These words remained with me. If he could write a book by starting with a few thousand words every day, I could too.
In April 2016, I began compiling the book ‘My Unskooled Year’ to highlight my learnings through the year. This was slightly easy, given that I’d been jotting my experiences throughout this period.
The book was ready to be published in December of the same year, and went on to sell 6,000 copies.
In time, I went back to the education system, and finished Class 11 and Class 12. After this, I went to the University of Portsmouth in the UK to pursue a Bachelor’s in Data Science and Analytics. With the advent of the pandemic, I began pursuing a BBA in Data Science online.
Learnings of a lifetime
I always say that the things I learned during my unschooled year can never be erased. Here are the experiences that always remain with me:
I topped my college
Becoming a topper in college from the girl with average grades in school was an enthralling journey. I started looking at things with a practical approach. Instead of mugging concepts, I’d understand them in depth.
If people throw tomatoes at you, make ketchup
When I took the break, my neighbours, relatives, even classmates would tell me that my parents were only spoiling me by letting me take this time away from my studies. They laughed.
When I went back to Class 11, my juniors were my batchmates and that was another reason for them to poke fun. However, in spite of these taunts, I have learnt how to make people laughing at you your driving force. Once they see your success, they will follow in your footsteps.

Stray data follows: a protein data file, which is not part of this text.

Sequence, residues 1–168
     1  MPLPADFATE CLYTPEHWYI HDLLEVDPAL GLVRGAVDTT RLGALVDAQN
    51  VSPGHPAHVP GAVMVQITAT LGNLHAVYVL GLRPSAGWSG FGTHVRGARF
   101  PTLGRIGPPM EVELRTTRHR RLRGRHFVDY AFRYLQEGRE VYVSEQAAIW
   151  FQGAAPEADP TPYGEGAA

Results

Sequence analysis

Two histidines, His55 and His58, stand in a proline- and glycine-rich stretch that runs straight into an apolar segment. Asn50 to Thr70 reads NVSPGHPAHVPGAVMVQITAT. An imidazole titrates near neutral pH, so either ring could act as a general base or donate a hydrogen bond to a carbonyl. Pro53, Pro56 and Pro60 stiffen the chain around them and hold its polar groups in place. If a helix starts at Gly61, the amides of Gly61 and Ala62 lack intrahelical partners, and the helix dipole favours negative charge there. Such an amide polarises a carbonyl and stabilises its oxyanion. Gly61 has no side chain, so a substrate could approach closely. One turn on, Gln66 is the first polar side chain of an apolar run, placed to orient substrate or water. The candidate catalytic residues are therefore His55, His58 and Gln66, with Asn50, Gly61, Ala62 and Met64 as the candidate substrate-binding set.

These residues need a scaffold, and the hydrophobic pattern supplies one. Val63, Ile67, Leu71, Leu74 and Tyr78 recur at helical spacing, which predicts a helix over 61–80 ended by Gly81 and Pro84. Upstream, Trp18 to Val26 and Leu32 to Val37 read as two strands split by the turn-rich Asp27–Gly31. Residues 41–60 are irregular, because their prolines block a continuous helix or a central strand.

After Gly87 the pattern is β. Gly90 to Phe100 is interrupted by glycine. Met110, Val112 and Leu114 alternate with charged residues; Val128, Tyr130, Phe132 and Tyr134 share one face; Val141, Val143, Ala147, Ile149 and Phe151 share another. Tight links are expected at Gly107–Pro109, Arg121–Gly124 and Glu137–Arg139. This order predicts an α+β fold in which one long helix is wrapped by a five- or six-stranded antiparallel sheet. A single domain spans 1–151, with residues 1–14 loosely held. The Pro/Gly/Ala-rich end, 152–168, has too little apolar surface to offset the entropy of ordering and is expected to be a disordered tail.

Take every opportunity you get
Everyone’s path is not the same. I had the opportunity to take a break and learn practical things. I took it. You might get a similar opportunity disguised as something else. Take it.
Rejection in the little things prepares you for the big challenges
Through the course of my internships, I joined my parents in their work of multi-level marketing. For a week, I would take contacts they had built through the years and knock on people’s doors to sell different products. I thought that since they were my parents’ acquaintances, they would oblige and be sweet, and buy the product as a 16-year-old was selling it.
But, that wasn’t the case.
Sometimes, people would shut the door on me. Though disappointed at the time, today this has stood me in good stead. I can gauge people and understand when they are likely to oblige and when they aren’t. I take rejection in a positive light.
I was fortunate to get a chance to take a break. Many children are not. To them I would say, it’s okay.
Don’t let the fear of what lies ahead bring you down. Have a timetable that allows you to dedicate your mornings and afternoons to school and then the evenings to your passion. Art, reading, entrepreneurship, a subject that you love — it could be anything.
Instead of diving directly into expensive hobby classes or courses, take multiple courses on different subject areas first. Then once you decide upon what you love, take the paid ones.
Along with trying to develop your intelligence, pay heed to developing your emotional intelligence. It will help you through life.
I often tell people that while I took the one-year break to get a foundation for my career, I ended up getting a foundation for life.
As told by Sagarikka Sivakumar, a 22‐year‐old from Trichy, pursuing her second year BBA in Data Science, to Krystelle Dsouza